Instrumentation for Scientists II
Observational Astrophysics
Computational Physics II
Topics in Mathematical Physics
Computational Physics III
Advanced Computational Physics
Big Data Physics
Subject Courses: Complete 15.0 credits from the following: **15.0
Colloquium II (Special Relativity )
Introductory Astrophysics
Introduction to Relativity
Introduction to Biophysics
Introduction to Nuclear Physics
Classical Mechanics II
Quantum Mechanics III
Galactic Astrophysics
Solid State Physics
Computational Biophysics
Particle Physics
Math and Technical Requirements
MATH 121Calculus I4.0
MATH 122Calculus II4.0
MATH 200Multivariate Calculus4.0
MATH 201Linear Algebra3.0-4.0
or MATH 261 Linear Algebra
MATH 210Differential Equations4.0
MATH 291Complex and Vector Analysis for Engineers4.0
CHEM 101General Chemistry I3.5
CHEM 102General Chemistry II4.5
CHEM 103 OR Any Bio OR an ENGR class at 200 or higher3.0-5.0
CS 171Computer Programming I3.0
or CS 143 Computer Programming Fundamentals
General Education
CIVC 101Introduction to Civic Engagement1.0
ENGL 101Composition and Rhetoric I: Inquiry and Exploratory Research3.0
or ENGL 111 English Composition I
ENGL 102Composition and Rhetoric II: Advanced Research and Evidence-Based Writing3.0
or ENGL 112 English Composition II
ENGL 103Composition and Rhetoric III: Themes and Genres3.0
or ENGL 113 English Composition III
UNIV S101The Drexel Experience1.0
UNIV S201Looking Forward: Academics and Careers (For students pursuing graduate degree only.) Students who are not required to take this course will take an additional credit of free elective.1.0
COOP 101Career Management and Professional Development1.0
Liberal electives9.0
Technical elective ***3.0
Business elective4.0
Free electives24.0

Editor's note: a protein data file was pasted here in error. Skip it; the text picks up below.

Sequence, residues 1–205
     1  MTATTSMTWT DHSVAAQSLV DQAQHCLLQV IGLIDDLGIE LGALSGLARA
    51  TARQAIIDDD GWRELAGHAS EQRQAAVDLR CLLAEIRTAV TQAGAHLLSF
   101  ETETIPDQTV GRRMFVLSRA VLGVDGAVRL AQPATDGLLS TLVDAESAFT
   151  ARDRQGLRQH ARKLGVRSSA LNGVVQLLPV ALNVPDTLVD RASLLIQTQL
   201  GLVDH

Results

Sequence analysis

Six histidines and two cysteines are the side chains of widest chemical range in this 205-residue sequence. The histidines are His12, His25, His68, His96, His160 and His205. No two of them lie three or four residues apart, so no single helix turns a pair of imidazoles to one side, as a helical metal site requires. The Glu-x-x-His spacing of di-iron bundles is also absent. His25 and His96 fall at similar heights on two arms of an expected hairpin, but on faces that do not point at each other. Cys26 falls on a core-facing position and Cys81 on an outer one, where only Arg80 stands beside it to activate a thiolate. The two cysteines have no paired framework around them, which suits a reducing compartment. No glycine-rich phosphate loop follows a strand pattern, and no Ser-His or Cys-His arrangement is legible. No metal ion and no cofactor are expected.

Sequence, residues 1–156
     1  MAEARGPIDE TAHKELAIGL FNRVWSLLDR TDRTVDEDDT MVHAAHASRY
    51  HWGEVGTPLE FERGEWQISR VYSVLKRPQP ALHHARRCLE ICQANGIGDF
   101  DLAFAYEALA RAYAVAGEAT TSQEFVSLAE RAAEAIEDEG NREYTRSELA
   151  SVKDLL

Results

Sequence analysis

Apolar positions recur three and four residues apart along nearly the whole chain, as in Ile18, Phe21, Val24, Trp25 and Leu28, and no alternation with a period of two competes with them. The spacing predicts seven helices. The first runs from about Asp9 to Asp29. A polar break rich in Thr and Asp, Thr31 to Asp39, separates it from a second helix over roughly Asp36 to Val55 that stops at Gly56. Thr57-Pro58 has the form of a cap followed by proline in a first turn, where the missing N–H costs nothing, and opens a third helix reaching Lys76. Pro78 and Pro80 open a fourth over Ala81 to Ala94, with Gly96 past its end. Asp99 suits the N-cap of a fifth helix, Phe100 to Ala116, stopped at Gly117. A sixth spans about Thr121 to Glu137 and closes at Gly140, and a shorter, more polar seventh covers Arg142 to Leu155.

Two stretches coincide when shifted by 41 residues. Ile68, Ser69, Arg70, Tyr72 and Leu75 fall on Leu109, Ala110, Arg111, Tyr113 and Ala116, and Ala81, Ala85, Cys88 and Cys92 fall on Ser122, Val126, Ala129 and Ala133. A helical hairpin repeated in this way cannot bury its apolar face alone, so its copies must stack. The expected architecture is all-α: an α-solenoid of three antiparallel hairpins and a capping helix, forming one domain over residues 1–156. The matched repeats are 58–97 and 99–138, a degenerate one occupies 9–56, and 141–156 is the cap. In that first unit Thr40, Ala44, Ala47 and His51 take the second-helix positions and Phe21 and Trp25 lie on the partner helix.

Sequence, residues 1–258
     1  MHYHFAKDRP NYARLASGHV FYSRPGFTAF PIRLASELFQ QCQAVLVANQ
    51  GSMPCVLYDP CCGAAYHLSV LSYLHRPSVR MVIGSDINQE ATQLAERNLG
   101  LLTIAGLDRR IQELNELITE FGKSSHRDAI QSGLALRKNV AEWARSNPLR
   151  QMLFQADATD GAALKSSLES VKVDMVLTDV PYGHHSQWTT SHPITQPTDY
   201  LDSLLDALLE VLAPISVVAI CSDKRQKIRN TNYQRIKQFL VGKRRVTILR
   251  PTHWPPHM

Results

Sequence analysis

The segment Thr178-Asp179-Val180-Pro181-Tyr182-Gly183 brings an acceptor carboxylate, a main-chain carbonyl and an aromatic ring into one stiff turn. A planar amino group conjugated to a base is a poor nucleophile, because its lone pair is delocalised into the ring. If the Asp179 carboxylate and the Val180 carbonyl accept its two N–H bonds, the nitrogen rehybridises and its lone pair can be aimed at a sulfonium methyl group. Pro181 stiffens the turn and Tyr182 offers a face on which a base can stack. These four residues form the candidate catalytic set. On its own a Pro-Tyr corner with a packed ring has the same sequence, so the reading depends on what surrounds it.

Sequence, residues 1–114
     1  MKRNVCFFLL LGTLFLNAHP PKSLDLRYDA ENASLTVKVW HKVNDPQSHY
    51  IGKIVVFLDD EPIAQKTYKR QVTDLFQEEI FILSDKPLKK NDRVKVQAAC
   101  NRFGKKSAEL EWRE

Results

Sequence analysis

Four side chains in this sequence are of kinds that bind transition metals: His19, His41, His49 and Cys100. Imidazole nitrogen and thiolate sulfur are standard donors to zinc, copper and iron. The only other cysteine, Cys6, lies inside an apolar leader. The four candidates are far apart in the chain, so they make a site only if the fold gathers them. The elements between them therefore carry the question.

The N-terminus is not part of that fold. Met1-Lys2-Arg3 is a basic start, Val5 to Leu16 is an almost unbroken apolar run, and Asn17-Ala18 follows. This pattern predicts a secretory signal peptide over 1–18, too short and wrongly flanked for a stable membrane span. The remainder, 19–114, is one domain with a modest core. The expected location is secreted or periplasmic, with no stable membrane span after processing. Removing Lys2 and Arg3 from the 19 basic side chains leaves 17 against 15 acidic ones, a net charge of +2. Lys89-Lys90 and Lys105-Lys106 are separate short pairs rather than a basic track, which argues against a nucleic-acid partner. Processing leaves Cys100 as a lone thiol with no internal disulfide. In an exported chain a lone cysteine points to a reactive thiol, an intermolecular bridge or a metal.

Total Credits180.0-183.0

Writing-Intensive Course Requirements

In order to graduate, all students must pass three writing-intensive courses after their freshman year. Two writing-intensive courses must be in a student's major. The third can be in any discipline. Students are advised to take one writing-intensive class each year, beginning with the sophomore year, and to avoid “clustering” these courses near the end of their matriculation. Transfer students need to meet with an academic advisor to review the number of writing-intensive courses required to graduate.

A "WI" next to a course in this catalog may indicate that this course can fulfill a writing-intensive requirement. For the most up-to-date list of writing-intensive courses being offered, students should check the Writing Intensive Course List at the University Writing Program. Students scheduling their courses can also conduct a search for courses with the attribute "WI" to bring up a list of all writing-intensive courses available that term.

Sample Plan of Study

4 year, no co-op

First Year
ENGL 101 or 1113.0CIVC 1011.0ENGL 103 or 1133.0VACATION
MATH 1214.0CS 1433.0MATH 2004.0 
PHYS 1135.0ENGL 102 or 1123.0PHYS 1053.0 
PHYS 1283.0MATH 1224.0PHYS 1155.0 
UNIV S1011.0PHYS 1145.0  
 16 16 15 0
Second Year
CHEM 1013.5CHEM 1024.5PHYS 3264.0VACATION
MATH 201 or 2614.0MATH 2104.0One of the following:3.0-5.0 
MATH 2914.0PHYS 3114.0 
PHYS 2174.0Subject course*3.0
Any Biology (BIO) course
Any ENGR course 200-level or higher
  Method course**3.0 
  Free elective3.0 
 15.5 15.5 13-15 0